Duration is an important feature both to achieve high-quality synthesis and as a marker of phrasal organization in speech. In this study, we investigate pauses and durational patterns in English and Mandarin spontaneous conversation, as well as how reliably such elements can serve as boundary-marking predictors cross-linguistically. Results show that pause duration is significantly correlated with specific boundary status and that syllable duration is inversely correlated with distance to phrase end in both English and Chinese. Our findings support the view that duration features are highly consistent and that it is useful to integrate such knowledge to enhance performance in interactive systems.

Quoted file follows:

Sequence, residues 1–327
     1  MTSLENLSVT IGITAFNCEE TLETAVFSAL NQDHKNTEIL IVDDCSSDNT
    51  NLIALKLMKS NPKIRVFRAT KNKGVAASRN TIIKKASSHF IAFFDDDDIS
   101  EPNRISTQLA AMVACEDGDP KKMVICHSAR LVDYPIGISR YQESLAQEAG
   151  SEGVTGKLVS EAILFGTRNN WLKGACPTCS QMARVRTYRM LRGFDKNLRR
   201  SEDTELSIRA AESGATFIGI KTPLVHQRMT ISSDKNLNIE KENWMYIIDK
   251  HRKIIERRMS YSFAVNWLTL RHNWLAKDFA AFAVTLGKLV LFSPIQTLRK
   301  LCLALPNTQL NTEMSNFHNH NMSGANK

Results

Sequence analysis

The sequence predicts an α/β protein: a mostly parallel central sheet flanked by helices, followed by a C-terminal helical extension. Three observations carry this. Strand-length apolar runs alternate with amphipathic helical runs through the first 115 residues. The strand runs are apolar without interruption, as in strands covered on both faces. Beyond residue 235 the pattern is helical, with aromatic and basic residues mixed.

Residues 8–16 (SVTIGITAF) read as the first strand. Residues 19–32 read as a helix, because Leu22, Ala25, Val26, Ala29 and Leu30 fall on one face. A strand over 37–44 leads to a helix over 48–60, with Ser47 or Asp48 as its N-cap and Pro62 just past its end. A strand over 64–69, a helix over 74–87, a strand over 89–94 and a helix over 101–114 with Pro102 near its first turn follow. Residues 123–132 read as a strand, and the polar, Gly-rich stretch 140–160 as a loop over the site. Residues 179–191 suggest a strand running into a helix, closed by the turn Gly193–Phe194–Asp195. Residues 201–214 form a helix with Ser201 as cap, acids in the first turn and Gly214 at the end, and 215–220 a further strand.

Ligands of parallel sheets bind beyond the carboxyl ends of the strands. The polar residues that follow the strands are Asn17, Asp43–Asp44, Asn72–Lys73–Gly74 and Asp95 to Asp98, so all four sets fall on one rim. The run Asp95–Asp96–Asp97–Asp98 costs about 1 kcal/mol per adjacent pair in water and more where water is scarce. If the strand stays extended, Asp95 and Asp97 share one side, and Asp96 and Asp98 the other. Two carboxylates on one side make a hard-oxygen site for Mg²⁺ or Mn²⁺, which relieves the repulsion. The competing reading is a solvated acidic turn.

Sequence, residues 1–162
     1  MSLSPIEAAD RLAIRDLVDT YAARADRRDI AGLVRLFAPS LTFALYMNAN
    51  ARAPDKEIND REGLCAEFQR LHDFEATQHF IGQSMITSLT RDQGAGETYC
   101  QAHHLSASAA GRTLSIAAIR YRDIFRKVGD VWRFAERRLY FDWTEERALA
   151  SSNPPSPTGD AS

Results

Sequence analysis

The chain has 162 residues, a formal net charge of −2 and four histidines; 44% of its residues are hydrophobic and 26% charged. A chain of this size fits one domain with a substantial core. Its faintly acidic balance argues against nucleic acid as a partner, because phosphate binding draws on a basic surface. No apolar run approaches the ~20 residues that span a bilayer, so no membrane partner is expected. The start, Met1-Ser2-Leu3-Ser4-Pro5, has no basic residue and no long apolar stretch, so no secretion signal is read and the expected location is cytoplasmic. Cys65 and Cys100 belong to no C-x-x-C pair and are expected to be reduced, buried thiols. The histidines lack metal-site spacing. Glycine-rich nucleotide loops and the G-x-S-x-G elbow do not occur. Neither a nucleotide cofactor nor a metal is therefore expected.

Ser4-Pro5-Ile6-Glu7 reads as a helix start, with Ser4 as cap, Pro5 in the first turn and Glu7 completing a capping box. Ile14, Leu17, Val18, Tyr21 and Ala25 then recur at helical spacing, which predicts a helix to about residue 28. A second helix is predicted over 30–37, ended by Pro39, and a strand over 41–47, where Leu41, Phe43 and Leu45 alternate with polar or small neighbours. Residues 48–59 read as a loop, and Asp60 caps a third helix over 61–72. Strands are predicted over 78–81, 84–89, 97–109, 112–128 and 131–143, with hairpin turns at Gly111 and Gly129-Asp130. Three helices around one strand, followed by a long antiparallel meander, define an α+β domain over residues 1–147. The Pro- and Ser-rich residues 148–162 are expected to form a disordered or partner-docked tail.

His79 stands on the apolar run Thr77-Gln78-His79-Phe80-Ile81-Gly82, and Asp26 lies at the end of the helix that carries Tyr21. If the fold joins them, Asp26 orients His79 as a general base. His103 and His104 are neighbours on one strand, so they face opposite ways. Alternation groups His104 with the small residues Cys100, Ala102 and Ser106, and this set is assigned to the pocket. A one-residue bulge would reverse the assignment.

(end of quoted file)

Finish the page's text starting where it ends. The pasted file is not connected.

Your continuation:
Bibliographic reference. Yang, Li-chiung (2007): "Duration and pauses as boundary-markers in speech: a cross-linguistic study", In INTERSPEECH-2007, 458-461.